Legal battle entangles a storyteller's legacy
Friday, November 19, 2010
Katherine Anne Porter, the late grande dame of American letters, was a virtuoso liar. In her notes and letters, she fibbed about her age and her husbands (there were really five.) Recipients of her letters sometimes discovered while reading her ramblings that they'd been having an affair with her.
Although Porter delighted in fictions, even she, with her propensity for tall tales, would have had difficulty concocting the plot unfolding in a Montgomery County court. There, a battle over Porter's literary estate has erupted featuring allegations that the Pulitzer Prize-winning writer's friends hoodwinked a judge and engaged in low tactics in a highbrow effort to protect the author's legacy.
The thousands of pages in the case file far outnumber Porter's literary output, which includes such famous short stories as "The Jilting of Granny Weatherall" and a novel that became a Hollywood movie, "Ship of Fools." At stake are future rights to some of her work, as well as control of the 175 linear feet of letters and literary artifacts she left to the university in College Park, where she spent her last decade living near campus. Porter, who survived tuberculosis, the Spanish flu pandemic and lost pregnancies, was 90 when she died in 1980.
The struggle over Porter's estate is ultimately about who should dictate culture and taste - the academy or individual literary figures who believe they know best how to care for an artist's legacy?
On one side, the University of Maryland takes pride in its archiving of Porter's work. The school displays her artifacts in a special room and has worked to increase access to her papers by microfilming 57 linear feet of the works and making plans to put the collection online.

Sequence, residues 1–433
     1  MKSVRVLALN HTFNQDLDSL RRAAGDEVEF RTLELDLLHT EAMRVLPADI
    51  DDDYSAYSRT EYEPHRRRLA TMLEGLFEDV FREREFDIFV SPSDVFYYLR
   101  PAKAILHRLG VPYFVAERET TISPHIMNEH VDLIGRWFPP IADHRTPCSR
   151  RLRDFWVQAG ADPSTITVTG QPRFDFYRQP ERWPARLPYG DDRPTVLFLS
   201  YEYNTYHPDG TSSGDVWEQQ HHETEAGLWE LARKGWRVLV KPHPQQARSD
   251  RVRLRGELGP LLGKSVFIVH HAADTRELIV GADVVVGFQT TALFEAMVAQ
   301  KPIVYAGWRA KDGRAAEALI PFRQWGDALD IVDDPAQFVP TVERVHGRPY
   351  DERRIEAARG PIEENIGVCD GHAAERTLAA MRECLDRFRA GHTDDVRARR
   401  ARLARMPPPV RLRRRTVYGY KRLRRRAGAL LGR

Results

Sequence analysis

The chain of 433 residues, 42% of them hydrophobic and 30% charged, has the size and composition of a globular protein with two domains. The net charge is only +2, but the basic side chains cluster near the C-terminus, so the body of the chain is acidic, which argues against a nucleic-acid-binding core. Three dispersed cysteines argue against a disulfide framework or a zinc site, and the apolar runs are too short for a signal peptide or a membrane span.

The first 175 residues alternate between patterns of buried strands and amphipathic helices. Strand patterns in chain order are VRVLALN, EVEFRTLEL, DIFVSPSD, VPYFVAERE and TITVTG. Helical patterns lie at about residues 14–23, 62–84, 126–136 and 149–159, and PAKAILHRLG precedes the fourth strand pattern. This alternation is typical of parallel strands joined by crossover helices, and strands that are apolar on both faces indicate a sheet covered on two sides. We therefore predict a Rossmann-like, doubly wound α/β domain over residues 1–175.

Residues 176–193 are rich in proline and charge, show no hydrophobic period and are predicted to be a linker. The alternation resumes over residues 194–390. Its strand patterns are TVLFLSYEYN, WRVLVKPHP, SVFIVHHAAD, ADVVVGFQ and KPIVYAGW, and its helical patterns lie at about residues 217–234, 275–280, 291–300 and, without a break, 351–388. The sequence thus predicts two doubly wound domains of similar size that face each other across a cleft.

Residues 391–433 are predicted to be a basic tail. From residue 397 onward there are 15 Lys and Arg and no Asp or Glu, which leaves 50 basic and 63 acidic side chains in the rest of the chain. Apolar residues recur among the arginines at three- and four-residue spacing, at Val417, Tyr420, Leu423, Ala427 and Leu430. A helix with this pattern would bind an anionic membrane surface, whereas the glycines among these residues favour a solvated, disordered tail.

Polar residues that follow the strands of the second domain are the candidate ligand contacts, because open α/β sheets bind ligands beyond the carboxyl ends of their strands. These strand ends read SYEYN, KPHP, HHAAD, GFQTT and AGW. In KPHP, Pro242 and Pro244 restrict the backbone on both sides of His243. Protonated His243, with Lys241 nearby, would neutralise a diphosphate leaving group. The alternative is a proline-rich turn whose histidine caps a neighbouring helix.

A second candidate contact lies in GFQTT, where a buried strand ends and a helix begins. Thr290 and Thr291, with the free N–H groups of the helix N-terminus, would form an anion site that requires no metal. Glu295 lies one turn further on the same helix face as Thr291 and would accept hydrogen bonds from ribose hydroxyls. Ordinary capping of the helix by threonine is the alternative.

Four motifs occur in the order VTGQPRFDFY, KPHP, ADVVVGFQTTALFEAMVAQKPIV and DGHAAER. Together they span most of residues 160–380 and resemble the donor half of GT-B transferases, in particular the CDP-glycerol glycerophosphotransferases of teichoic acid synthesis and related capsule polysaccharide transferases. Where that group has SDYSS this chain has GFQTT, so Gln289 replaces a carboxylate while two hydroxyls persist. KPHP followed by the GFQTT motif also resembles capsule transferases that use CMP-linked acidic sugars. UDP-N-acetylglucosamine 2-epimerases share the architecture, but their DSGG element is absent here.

On the other side, several literary figures have other ideas about how to preserve Porter's legacy - winning publication of her work by the prestigious Library of America, encouraging theater and opera adaptations of her stories, and endowing literary awards.
"All of this fighting would probably have given her a good laugh - if it all comes out right in the end," said E. Barrett Prettyman Jr., a powerful District lawyer and executor of Porter's will.
As in great literature, the truth is open to interpretation.
In many ways, the saga begins with Prettyman. Now 85 but still active at the blue-chip firm Hogan Lovells, Prettyman was a clerk to several Supreme Court justices and the first president of the D.C. Bar Association. Late one night in 1962, Prettyman finished "Ship of Fools" and phoned Porter out of the blue at her Georgetown apartment to say he enjoyed it. The two hit it off, and he eventually became her lawyer, close friend and, in Porter's early letters to him, one of her imagined lovers.
"It was psychologically crucial that she be the creator of the affair rather than the object of someone else's mythmaking," wrote University of Nevada-Las Vegas scholar Darlene Unrue in her 2005 biography of Porter.
Prettyman, who grudgingly played along with the imagined affair but denied its physical truth, drafted Porter's will and the terms of her literary trust. He was the only person empowered to appoint a trustee to control her works. After the first trustee died in 1993, Prettyman named Barbara T. Davis to the role. Davis circulated in important literary circles and contributed award-winning short stories and interviews to esteemed publications such as the Paris Review.
She and Porter met in 1956, when Davis was a young copy girl in The Washington Post's For and About Women section. One afternoon, an editor shouted, "Anybody here ever heard of Katherine Anne Porter?" Davis, an English major at Wellesley, had. She was dispatched to the Jefferson Hotel to interview the author.